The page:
Grilled Corn on the CobFine Cooking (June/July 2009)Subscribe to Fine CookingServes four.
4 ears fresh corn on the cob, husks intact
Prepare a medium to medium-high charcoal or gas grill fire (about 400°F).
Meanwhile, remove all but the innermost layer of the corn husks. Gently bend back this remaining layer of husk without detaching it so that you can remove the silk. (Don’t worry about getting all the silk off—the rest will cook off or soften on the grill.) Pull the husks back into place so that the corn is loosely covered.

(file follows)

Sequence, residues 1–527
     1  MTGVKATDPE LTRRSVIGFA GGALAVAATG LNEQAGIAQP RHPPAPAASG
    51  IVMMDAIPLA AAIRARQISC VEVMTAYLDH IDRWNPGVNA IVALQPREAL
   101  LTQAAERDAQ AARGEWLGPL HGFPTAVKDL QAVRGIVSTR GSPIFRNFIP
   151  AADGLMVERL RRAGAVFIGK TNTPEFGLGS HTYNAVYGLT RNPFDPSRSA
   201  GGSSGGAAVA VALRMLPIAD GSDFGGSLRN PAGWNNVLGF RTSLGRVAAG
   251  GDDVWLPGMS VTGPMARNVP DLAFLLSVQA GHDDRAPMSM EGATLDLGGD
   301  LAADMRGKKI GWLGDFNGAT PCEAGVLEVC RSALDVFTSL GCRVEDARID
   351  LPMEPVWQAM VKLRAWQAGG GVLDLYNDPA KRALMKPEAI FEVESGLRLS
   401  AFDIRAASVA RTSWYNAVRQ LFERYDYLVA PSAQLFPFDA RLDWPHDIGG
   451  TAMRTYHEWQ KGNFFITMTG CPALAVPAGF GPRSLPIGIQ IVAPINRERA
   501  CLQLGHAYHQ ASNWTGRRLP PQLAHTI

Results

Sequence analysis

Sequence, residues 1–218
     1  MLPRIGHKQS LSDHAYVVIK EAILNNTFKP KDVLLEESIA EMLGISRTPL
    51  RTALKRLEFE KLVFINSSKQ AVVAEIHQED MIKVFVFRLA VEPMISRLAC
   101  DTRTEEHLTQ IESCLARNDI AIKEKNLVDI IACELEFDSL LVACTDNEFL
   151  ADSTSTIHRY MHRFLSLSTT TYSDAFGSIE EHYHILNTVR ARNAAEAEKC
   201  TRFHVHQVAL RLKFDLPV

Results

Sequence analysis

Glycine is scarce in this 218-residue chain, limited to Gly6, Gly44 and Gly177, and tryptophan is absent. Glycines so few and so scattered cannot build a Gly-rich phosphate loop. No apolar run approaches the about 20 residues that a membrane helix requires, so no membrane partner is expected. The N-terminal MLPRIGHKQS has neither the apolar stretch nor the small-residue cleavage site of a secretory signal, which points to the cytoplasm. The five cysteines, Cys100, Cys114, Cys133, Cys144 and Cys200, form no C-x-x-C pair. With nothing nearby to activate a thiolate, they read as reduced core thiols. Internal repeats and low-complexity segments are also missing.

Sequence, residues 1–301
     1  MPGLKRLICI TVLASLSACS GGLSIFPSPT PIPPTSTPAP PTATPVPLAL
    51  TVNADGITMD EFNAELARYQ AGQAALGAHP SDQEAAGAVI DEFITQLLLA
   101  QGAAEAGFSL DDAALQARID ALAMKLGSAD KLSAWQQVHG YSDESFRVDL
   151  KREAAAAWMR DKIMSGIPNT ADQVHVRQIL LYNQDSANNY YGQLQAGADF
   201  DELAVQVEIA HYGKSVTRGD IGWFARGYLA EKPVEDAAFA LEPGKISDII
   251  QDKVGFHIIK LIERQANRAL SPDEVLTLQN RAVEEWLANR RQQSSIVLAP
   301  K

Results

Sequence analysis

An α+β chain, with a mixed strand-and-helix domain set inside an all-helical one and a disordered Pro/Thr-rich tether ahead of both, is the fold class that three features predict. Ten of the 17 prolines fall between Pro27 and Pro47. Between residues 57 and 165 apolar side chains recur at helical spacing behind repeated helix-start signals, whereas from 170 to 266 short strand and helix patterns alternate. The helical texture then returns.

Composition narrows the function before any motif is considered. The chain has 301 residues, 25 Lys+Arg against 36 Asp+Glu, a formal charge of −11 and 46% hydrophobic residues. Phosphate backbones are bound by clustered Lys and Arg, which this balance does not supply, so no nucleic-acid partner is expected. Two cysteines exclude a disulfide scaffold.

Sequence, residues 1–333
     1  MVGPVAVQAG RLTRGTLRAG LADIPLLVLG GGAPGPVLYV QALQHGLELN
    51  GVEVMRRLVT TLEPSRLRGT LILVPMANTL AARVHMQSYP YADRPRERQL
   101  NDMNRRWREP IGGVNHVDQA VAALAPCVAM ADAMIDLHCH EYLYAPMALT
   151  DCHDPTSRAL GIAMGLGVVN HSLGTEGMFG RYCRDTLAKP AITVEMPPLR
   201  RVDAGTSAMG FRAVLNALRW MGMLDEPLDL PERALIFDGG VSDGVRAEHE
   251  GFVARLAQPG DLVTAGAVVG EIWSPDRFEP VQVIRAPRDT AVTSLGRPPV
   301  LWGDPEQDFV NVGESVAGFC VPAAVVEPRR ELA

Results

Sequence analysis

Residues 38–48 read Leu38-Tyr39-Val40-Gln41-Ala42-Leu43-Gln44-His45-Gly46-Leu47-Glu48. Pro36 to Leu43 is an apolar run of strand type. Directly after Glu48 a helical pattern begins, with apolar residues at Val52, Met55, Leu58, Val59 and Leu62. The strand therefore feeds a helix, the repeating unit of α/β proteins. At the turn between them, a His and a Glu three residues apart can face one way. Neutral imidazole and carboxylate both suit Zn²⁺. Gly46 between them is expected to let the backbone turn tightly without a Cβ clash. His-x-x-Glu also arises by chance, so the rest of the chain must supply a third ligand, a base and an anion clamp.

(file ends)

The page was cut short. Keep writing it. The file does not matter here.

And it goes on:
Put the corn on the grill and cover. Turn when the husk is nicely browned on one side, after 2 to 3 minutes. Continue to cook and turn until the corn husk is toasted on all sides, 5 to 6 minutes total. Serve immediately.
Through this article, we hope to help you understand Low country boil on the grill